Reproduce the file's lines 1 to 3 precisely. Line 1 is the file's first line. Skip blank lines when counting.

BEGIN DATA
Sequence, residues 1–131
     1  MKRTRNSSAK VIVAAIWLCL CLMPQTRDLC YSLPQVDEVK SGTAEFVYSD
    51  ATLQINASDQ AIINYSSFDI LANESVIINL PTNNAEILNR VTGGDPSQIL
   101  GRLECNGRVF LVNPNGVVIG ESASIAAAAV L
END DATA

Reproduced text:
Sequence, residues 1–131
     1  MKRTRNSSAK VIVAAIWLCL CLMPQTRDLC YSLPQVDEVK SGTAEFVYSD
    51  ATLQINASDQ AIINYSSFDI LANESVIINL PTNNAEILNR VTGGDPSQIL